What are the implications? If you think of the hardware that defines your robot, you can think of each microcontroller or board as a different node, and all nodes need to run ROS. Also, you can host the ROS core node on a more powerful pc to provide additional computation power. With this setup you can build a robot with a camera. It streams the camera video feed to the master node, which processes the feed for information, e.g. object recognition. In some setups, it might also be enough to have an up-to-date micro board like the latest Raspberry Pi or die NVidia jetton as the ROS master core directly embedded in your robot.
ROS provides plenty tools to help in your robotics project.
Let’s start with the tools that will help you to explore how the core concepts are implemented.
rosnode- display information about the nodes running in your ROS system. See the complete
rosnode listor specific information with
rostopic- Explore and work with topics. Show detailed information about topics with
rostopic info. Or pass messages to a topic with
rostopic pub. And you can also get a live updated list of all exchanged messages of a topic with
rosmsg- Messages can be conveniently explored from the command line too. First of all, you can either see a complete list of all message types with
rosmsg list, or you can filter this list to a specific package with
rosmsg package. With
rosmsg showyou see the details of a message.
rosservice- Similar to topics, this command enables you to
listall services or get a detailed definition with
info, and you can also
rossrv- To display the service type information, this tool works with the very same sub-commands as the
ROS offers many more CLI tools, which help you to navigate the extensive package library, create and build your own package, and much more. See the official documentation for the complete list.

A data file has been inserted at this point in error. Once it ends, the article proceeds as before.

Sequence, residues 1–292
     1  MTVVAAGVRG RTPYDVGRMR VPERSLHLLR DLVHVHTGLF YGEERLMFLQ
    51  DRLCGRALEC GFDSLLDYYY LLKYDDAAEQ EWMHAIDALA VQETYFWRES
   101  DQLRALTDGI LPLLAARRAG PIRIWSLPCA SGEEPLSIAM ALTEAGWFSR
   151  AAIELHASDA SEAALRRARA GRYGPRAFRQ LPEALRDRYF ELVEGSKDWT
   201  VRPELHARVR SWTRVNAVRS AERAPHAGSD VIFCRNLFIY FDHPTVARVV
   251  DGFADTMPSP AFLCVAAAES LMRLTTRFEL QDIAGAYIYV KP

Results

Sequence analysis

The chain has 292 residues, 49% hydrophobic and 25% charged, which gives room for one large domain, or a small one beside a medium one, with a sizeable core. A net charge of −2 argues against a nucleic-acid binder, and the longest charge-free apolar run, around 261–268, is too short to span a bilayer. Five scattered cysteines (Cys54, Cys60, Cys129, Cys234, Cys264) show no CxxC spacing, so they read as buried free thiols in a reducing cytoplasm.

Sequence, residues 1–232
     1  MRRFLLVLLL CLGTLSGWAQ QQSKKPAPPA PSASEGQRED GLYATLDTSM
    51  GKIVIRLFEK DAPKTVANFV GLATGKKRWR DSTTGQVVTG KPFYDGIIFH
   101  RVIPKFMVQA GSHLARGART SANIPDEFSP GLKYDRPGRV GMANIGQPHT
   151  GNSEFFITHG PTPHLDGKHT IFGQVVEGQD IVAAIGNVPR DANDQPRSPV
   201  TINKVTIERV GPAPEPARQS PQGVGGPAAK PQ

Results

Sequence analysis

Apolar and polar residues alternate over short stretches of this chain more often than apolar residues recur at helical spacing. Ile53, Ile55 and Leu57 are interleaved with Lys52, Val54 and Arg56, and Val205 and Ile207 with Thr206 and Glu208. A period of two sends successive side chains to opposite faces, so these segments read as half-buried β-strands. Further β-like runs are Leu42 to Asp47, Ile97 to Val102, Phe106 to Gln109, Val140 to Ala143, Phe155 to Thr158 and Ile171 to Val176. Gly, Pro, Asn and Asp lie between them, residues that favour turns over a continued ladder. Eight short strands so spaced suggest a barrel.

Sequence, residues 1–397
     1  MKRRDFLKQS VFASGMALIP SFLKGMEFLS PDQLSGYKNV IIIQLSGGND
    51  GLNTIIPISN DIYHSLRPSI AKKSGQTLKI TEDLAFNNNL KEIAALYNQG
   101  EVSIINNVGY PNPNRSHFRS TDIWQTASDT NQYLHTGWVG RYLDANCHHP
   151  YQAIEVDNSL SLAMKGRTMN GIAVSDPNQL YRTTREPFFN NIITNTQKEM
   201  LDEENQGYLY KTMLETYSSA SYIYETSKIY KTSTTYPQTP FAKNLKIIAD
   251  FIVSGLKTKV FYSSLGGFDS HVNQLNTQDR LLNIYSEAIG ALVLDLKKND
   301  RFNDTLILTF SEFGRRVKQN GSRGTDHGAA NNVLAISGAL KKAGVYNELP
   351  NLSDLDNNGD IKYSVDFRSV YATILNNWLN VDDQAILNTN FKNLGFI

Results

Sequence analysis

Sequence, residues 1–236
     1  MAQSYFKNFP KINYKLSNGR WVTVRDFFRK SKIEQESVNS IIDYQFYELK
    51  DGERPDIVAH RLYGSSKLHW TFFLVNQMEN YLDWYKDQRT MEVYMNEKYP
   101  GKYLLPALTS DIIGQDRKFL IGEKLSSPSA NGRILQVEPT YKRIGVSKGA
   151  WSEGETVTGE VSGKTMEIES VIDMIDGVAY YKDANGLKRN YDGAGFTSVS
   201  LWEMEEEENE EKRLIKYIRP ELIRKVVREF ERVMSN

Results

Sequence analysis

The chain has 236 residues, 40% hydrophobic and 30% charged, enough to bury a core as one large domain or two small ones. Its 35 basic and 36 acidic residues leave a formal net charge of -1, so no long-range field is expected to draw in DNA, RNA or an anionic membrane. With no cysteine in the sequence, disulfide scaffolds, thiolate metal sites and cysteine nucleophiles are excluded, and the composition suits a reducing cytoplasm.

In addition to the CLI tools, there are also graphical tools to help you to explore and understand your ROS system.
The RQT Commons metapackage provides several QT applications to help exploring your ROS system graphically.
With the RQT Graph you can see a complete representation of all your ROS topics and their publishers/subscribers.
Source: Official Documentation
To record and filter the messages exchanged in ROS, use RQT Console.
_Source: Official Documentation
And to send messages, you can use RQT Publisher.
Source: Official Documentation
The starting point for any ROS project is to have a 3D model of your robot. The model is in essence an XML file which you can write in your favorite IDE. Once completed, you can use
rviz to get a 3D visualization of your robot. It’s also possible to load a world into this editor, a representation of objects in which your robot should be simulated. You can even move inside this representation with other ROS nodes
Source: RViz official documentation
Gazebo is a powerful tool with several capabilities. First, it extends RVIZ by providing a graphical editor in which you create a robot. Second, it allows you to create a complete simulated world. You can place objects from a shared database, or load an existing world. Place your robot inside, start the simulation, and move your robot around.
Source: Gazebo Documentation
Third, it allows to export your robot and world files to common data formats so that they can run with other software. These common formats are:
- URDF: XML file format for detailed modelling of a robot (static structure, joints, sensors, collision and inertia model)
- XACRO: XML macro language, can be used to define less verbose URDF models
- SDF: XML file format for describing a robot simulation, it supersedes the URDF format
The Robotic Operating System is a powerful, coherent tool suite for all aspects of designing and operating a robot system. This article focused the operational learnings. We learned about the core concepts of ROS: Nodes are programs joined by TCP/IP connections that exchange messages asynchronously via topics or synchronously via messages. Information is strictly based on built-in or user-defined datatypes. A ROS system can be explored with helpful CLI tools or graphical tools: See the list of topics, browse messages, or send messages directly. With this understanding, we can continue the exploration of ROS and start to create our own project.